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To quiet these worries, in 1851 the U.S. government kept a conference with several local Indian tribes and established the Treaty of Fort Laramie. Within this treaty, each Native American tribe consented to a bounded territory, allowed the government to construct tracks and forts in this territory and pledged not to ever go after settlers; in return the federal government agreed to honor the boundaries of each tribe’s territory and make gross payments to the Indians. The Native American tribes responded peacefully to the treaty; in fact the Cheyenne, Sioux, Crow, Arapaho, Assinibione, Mandan, Gros Ventre and Arikara tribes, who signed the treaty, even consented to end the hostilities between their tribes in order to accept the terms of the treaty.
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This peaceful accord between the U.S. government and the Native American tribes didn’t stand very long. After hearing testimonies of fertile terrain and tremendous mineral wealth in the West, the government soon broke their pledge established in the Treat of Fort Laramie by permitting thousands of non-Indians to flood into the region. With so many newcomers moving west, the federal government established a policy of limiting Native Americans to reservations, modest swaths of land within a group’s territory “” set aside exclusively for Indian use, in order to offer more territory for the non-Indian settlers.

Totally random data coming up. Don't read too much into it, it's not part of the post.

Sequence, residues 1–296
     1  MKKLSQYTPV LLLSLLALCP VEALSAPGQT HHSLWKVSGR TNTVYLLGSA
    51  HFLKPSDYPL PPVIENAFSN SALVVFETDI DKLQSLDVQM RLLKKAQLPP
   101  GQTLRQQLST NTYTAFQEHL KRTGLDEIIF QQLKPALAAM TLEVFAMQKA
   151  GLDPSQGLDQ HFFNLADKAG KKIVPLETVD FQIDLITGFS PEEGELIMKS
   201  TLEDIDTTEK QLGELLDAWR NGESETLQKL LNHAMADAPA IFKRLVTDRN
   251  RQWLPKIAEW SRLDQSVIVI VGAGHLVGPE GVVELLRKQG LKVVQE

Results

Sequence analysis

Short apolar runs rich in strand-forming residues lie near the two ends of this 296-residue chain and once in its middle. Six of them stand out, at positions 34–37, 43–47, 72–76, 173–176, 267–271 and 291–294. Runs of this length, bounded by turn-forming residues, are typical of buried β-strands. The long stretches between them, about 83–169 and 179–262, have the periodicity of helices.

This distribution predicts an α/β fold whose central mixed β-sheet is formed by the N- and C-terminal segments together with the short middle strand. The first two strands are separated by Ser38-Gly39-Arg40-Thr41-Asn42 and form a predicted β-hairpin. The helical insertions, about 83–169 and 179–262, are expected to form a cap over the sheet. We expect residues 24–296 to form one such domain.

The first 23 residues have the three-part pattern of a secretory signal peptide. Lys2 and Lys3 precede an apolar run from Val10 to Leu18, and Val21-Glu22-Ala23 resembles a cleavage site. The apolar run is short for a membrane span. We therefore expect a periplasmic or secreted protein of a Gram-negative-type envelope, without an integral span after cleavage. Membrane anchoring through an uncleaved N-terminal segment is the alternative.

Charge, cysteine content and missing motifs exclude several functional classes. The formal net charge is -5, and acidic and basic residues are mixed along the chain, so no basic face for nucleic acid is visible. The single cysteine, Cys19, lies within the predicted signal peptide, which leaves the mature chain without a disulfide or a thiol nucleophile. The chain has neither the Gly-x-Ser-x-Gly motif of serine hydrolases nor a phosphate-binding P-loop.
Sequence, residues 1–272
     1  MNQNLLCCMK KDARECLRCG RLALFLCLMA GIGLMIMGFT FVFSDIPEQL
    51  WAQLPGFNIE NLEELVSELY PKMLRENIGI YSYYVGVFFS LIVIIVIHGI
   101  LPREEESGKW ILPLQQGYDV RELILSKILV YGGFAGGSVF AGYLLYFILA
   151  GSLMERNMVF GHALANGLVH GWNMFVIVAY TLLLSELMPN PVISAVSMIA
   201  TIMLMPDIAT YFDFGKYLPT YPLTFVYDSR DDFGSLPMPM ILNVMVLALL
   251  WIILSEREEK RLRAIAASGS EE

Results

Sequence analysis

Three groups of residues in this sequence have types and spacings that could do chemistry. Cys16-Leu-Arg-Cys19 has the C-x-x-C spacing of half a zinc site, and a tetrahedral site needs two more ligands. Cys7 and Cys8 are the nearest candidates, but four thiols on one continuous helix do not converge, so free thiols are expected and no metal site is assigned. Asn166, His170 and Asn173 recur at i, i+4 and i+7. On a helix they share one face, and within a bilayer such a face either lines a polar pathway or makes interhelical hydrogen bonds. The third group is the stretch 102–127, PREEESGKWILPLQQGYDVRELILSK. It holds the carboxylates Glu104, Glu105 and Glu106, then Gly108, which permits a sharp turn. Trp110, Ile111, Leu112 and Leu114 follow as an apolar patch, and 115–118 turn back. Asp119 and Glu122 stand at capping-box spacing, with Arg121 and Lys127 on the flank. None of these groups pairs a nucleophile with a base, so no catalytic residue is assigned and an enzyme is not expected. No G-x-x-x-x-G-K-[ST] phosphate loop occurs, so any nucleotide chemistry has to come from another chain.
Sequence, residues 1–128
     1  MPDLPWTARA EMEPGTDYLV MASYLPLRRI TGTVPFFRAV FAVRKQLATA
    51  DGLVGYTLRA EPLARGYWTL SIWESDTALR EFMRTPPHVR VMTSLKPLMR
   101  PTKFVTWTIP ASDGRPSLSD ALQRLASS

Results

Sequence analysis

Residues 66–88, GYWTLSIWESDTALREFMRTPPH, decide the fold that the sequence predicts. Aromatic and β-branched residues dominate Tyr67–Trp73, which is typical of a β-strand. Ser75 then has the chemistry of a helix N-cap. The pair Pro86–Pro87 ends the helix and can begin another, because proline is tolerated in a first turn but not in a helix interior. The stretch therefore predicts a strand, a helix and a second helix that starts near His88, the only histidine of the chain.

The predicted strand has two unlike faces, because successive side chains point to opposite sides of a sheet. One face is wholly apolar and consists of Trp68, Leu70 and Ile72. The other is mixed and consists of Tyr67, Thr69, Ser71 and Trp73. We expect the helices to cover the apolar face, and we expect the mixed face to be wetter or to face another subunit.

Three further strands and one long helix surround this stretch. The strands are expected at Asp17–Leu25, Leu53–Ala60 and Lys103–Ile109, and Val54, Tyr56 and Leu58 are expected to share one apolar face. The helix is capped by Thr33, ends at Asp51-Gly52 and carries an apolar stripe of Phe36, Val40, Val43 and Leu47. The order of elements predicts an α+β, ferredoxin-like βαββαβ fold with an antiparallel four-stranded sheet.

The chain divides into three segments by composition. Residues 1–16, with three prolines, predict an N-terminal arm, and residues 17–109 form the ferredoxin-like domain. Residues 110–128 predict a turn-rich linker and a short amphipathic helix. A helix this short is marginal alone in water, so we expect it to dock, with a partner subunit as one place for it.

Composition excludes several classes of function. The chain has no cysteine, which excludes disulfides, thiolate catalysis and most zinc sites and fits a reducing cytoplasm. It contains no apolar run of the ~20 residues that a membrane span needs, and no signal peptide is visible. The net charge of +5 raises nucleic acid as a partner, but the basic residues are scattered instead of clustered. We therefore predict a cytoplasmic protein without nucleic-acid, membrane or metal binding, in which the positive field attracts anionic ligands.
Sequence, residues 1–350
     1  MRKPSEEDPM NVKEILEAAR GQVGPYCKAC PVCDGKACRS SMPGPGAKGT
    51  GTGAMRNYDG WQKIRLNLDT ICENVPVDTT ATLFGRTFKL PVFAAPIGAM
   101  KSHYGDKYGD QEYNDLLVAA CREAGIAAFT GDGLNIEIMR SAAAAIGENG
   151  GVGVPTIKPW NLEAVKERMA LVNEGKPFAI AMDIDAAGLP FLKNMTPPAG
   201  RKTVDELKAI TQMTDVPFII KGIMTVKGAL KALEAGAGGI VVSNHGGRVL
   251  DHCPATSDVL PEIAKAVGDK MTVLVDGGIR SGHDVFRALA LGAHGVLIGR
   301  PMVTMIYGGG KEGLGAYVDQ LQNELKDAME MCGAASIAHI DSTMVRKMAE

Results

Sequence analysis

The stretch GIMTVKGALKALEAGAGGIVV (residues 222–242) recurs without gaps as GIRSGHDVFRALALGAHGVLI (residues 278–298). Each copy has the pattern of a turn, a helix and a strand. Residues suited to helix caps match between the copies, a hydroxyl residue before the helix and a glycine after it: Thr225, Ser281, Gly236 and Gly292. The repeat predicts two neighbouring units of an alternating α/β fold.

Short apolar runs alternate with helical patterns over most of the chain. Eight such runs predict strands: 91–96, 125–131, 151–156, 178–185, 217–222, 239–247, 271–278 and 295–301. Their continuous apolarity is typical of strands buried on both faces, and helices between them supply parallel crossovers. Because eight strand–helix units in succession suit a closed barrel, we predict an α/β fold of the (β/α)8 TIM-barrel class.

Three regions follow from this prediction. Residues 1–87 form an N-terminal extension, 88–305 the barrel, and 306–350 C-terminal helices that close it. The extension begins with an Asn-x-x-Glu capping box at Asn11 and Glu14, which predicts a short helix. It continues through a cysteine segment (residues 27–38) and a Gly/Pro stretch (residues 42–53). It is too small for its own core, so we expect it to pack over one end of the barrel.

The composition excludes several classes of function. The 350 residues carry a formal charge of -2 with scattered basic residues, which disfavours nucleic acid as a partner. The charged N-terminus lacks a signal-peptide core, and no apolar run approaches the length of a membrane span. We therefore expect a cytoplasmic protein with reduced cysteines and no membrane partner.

In a series of new treaties the U.S. government compelled Native Americans to abandon their land and migrate to reservations in exchange for protection from attacks by white settlers. In addition, the Indians were allocated a yearly payment that would include money in addition to foodstuffs, livestock, household goods and agricultural equipment. These reservations were created in an attempt to clear the way for heightened U.S. growth and administration in the West, as well as to keep the Native Americans separate from the whites in order to reduce the potential for friction.
History of the Plains Indians
These accords had many challenges. Most of all many of the native people did not properly grasp the document that they were confirming or the conditions within it; further, the treaties did not respect the cultural norms of the Native Americans. In addition to this, the government bureaus accountable for administering these policies were weighed down with poor management and corruption. In fact most treaty terms were never accomplished.
The U.S. government almost never fulfilled their side of the accords even when the Native Americans migrated quietly to their reservations. Dishonest bureau agents often sold off the supplies that were meant for the Indians on reservations to non-Indians. Moreover, as settlers needed more territory in the West, the government continually cut the size of reservation lands. By this time, most of the Native American people were unhappy with the treaties and angered by settlers’ constant demands for territory.